Alexander (Ed Oxenbould) is not a lucky lad. If anything can go wrong for him it will — and to make matters worse everyone else in his family seems to be having a great time of it. His older brother Anthony (Dylan Minnette, “Prisoners”) is the school heart-throb and has only gone and bagged himself the hottest girl in school; his sister Emily (Kerris Dorsey, “Moneyball”) is about to play the lead role of Peter Pan in her school play; his baby brother Trevor (played by Elise and Zoey Vargas) is stealing all his mom’s attention and his parents’ careers look like they could be on the up.
After one particularly bad day that involves finding out that the most popular kid in school’s birthday party clashes with his, an unfortunate text campaign being launched against him, setting fire to a girl he likes’ science notes and much more, he decides he’s had enough. Feeling like it’s his family’s turn to know how it feels to have a terrible, horrible, no good, very bad day he makes a wish to that volition when blowing out his birthday candles and all hell breaks loose.
Based on a children’s book of the same name by Judith Viorst, Alexander and the Terrible, Horrible, No Good, Very Bad Day is packaged as a kids film with Alexander kicking off the story as the main protagonist. Halfway through, however, we lose Alexander in among all his families’ misdemeanors and they become the main focus. It’s at this turning point that the film feels more like a stereotypical Steve Carell vehicle as opposed to a Walt Disney picture aimed at kids. Yet even though Alexander and the Terrible, Horrible, No Good, Very Bad Day is a little confused on its tone, there’s still more than enough physical comedy to amuse the kids whilst keeping mom and dad entertained.
On that front, Alexander and the Terrible, Horrible, No Good, Very Bad Day has a bevy of top-notch cast members who aren’t afraid to dirty themselves up, most notably Steve Carell and Jennifer Garner who steal the show as Alexander’s parents. The audience is also treated to a fine supporting performance from Jennifer Coolidge as Anthony’s formidable driving test instructor. On the whole the kiddie cast fare well too: Dylan Minnette proves he’s almost ready to make that leap into adult roles and Kerris Dorsey gives great “self-obsessed luvie.” The only one who doesn’t come across so well is our main protagonist, Oxenbould. He doesn’t do a bad job; he just doesn’t possess the appeal needed for a lead role.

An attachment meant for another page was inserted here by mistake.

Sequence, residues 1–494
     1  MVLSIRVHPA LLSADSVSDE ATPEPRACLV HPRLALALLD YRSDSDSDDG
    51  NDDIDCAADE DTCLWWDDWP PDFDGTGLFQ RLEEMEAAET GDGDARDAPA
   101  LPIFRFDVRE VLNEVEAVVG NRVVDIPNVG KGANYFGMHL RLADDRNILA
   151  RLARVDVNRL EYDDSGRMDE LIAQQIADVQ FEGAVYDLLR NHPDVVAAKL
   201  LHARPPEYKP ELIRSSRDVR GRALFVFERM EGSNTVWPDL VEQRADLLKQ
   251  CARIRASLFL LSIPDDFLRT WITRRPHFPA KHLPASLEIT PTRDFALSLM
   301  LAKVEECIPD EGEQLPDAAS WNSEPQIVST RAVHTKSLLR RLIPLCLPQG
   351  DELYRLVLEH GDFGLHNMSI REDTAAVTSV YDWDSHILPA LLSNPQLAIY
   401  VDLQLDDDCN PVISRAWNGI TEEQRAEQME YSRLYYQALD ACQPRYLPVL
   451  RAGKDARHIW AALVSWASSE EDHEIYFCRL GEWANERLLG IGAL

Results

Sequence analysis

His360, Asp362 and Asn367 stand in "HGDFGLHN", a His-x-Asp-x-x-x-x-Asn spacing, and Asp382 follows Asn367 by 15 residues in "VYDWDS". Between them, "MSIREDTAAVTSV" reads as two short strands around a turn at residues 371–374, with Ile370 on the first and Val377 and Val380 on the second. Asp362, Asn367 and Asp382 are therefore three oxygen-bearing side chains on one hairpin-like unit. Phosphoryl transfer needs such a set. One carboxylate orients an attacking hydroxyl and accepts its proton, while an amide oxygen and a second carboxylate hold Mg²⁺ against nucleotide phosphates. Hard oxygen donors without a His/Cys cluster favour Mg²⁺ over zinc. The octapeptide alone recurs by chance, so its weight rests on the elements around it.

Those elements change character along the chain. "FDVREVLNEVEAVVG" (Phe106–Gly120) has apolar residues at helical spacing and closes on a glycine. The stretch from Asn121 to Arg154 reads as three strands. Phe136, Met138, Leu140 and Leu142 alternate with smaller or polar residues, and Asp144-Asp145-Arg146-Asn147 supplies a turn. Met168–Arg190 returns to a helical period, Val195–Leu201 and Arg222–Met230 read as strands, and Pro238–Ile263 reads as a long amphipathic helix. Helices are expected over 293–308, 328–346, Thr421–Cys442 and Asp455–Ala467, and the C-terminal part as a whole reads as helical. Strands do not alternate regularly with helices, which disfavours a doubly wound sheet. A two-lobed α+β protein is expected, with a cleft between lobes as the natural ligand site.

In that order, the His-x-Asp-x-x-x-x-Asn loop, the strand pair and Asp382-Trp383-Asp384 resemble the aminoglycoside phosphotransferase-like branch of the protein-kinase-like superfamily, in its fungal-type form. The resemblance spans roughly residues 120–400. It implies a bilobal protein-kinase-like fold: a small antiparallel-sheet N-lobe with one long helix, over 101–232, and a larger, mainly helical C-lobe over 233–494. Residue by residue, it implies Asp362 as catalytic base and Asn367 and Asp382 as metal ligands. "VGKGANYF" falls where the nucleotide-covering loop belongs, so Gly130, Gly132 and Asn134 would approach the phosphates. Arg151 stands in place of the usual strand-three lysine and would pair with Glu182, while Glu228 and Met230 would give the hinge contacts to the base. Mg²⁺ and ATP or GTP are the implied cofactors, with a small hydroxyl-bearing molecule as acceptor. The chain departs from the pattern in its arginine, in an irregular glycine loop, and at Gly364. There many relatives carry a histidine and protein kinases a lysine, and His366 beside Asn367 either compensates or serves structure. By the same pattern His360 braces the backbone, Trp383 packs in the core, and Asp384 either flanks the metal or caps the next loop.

The slapstick routines they all endure reaches the point of actually becoming stressful too. Director Miguel Arteta, aiming for the easy laughs, overloads the film with them, missing more substantial opportunities, although he does get a few in like a high as a kite on cough syrup Emily coming out to perform on opening night or a cameo from Dick Van Dyke where he persists in doing a reading to a group of children, disastrous typo and all. But hey, I suppose there is only so much balancing that can be done when a prom, a birthday party and a school play all end up on the same night within the same family.
But by the end of the film things calm down and we are reminded that this is indeed a film for kids, as we have a life lesson forced upon us which most adult viewers could no doubt do without. This can be overlooked though as, on the whole, Alexander and the Terrible, Horrible, No Good, Very Bad Day is a not terrible, not horrible, good, not bad film that youngsters and adults (in spite of their better judgement) will enjoy.